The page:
A Focus On Nature

The Youth Nature Network

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Now for Nature

Burry Inlet Conservation Work

Over the past couple of years, the work being done to conserve wildlife on the Burry Inlet has increased dramatically. The Inlet itself is sandwiched between Carmarthenshire and West Glamorgan with each side now doing vital work. The majority of the work has been done via grants from wildlife organisations or through strategically funding these projects. WWT Llanelli has also played a great part on the Carmarthenshire side having altered a lot of the reserve to suit certain species of birds and mammals that are currently visiting the site. [Read More]

Now for Nature

Willow Spiling: A Natural Solution to Flooding

One cold November morning, a group of young Yorkshire Wildlife Trust volunteers found themselves crammed into a van on their way to begin work on a natural flood management project in Leeds. Our goal was to reinforce the banks of the river Aire through the process of willow spiling. [Read More]

Now for Nature

From Flushing to Mylor – A Diary.

It’s a warm November morning, two days after the new moon. The sun is burning through the clouds and I am feeling restless, so I walk.

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Now for Nature

Want To Generate Support For Conservation? Let Kids Play Outside!

I can’t remember when I first fell in love with the outdoors. One of my most vivid memories from primary school is rummaging for insects under the hedge at the back of the school playing field during a science lesson when I was 8. An earwig ended up crawling into a classmate’s shoe while he tried to manoeuvre it into a jar, which caused great amusement. I remember wishing that every lesson was like this. [Read More]

Now for Nature

The Surrey Downs

The undergrowth crunches beneath my feet as I trek through the scrubland of the Surrey heath; the sun blazing down – a rare treat for an English summer. A basking adder appears, motionless at the foot of a gorse bush. The striking eyes piercing, almost threatening, defying me to make another step. I couldn’t help but marvel at the menacing beauty of the UK’s only poisonous snake. [Read More]

Now for Nature

Making a Home for Nature in a City

When I first moved to a city from extremely rural Cumbria in early 2016, I was dubious about what I’d be able to do to help nature in my new home. My parent’s home in Cumbria was a nature haven – smack bang in the north Pennines, I’d watch kestrels hunting from my bedroom window, we had a resident sparrowhawk that sat round the back of the house and would hurtle around it to catch the birds feasting on the feeders at the front. Of course the feeders were always busy, house and hedge sparrows, many tit species – including long tailed tits, ever faithfully appeared in groups, the occasional family of great spotted woodpeckers, starlings, blackbirds, song thrushes – suffice to say it was awash with wildlife. [Read More]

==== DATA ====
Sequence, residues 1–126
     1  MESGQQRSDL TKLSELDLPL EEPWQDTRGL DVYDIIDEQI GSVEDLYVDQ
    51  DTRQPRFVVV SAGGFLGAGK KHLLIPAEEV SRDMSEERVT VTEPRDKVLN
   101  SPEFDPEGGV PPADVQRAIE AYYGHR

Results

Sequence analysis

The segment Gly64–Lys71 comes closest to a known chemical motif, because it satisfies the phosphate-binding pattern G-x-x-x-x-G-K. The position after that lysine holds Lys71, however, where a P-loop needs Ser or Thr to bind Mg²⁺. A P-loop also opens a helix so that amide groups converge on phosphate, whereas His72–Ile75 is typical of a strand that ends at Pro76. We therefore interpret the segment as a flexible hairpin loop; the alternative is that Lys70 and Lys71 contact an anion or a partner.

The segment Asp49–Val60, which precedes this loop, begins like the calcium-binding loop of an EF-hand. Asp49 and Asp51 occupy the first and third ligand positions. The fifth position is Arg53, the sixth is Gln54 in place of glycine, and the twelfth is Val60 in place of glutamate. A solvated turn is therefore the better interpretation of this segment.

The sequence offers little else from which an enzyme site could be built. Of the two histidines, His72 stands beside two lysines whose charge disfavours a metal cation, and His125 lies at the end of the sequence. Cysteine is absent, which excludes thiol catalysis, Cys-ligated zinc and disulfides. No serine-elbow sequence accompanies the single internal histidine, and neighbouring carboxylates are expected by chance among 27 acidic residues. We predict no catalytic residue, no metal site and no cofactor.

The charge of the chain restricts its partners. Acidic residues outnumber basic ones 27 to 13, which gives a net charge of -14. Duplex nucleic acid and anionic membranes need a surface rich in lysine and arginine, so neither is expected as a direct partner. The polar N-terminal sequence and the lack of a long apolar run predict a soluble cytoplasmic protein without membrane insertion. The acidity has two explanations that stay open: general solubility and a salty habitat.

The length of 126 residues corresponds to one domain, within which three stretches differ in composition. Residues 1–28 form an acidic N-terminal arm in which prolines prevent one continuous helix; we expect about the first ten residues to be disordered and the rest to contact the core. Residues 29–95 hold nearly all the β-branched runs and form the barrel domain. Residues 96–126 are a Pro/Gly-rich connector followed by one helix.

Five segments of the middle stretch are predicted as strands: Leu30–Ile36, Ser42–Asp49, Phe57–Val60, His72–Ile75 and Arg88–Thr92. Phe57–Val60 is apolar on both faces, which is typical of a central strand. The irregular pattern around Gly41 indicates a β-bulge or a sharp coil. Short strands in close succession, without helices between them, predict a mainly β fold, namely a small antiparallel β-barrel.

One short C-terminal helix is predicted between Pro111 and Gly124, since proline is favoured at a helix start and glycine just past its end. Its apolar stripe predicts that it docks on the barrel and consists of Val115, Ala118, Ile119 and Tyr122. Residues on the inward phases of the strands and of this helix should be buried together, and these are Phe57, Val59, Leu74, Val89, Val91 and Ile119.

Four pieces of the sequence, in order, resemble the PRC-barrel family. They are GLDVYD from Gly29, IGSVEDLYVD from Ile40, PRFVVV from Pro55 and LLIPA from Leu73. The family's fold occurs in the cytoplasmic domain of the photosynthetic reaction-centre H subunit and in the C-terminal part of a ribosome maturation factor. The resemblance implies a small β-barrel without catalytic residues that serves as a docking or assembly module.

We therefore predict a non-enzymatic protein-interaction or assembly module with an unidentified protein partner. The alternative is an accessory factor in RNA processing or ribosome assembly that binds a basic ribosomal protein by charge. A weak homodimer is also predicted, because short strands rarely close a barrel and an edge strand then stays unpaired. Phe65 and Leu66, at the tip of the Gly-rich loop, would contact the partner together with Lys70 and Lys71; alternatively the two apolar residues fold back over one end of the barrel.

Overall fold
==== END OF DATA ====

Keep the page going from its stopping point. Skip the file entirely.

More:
Now for Nature

Biological Recording

Biological recording has long been one of my favourite things to do: getting out and writing down what you see, and then sharing your observations with everyone. The value of recording is immense. Your data can be used by anyone, anywhere. People can use it to piece together details on locations, phenology, habitats and much more for a particular species.

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Now for Nature

Acting for Red Squirrels

As a child growing up in semi-rural Northumberland, red squirrels were a figment of daily life. A prominent fixture of local nature reserves, nearby woodlands and, indeed, my very own garden, that brought me great joy during my youth. So much so, in fact, that I would not hesitate to list the russet rodents as one of the key instigators of my passion for the natural world. It is, after all, rather difficult to not depart elated after encountering a red squirrel: their vigorous courtship chases and endearing chattering are a true sight to behold.

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Now for Nature

Conserving the High Brown Fritillary at Exmoor National Park

I think it’s safe to say that winter is most certainly here, and on these cooler, crisper, and increasingly shorter days, I look back fondly at the time I spent helping with local conservation efforts back in the middle of June. As part of my Gold DofE Residential, I chose to help out with butterfly habitat management at the expansive and diverse Holnicote Estate in Exmoor National Park, alongside the National Trust.

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Now for Nature

Reinstating The Locals

“Surely that’s not one of ours?” I whispered disbelievingly to my colleague Jason Fathers, as we stood transfixed, gazing into a sky dashed with the first light of an August morning. We were rooted to the spot, watching as directly above us a gigantic white and brown bird soared and danced on the air, skilfully dodging the vicious dives of a closely pursuing peregrine falcon. It looked quite as though it had never known anything but life on the wing. [Read More]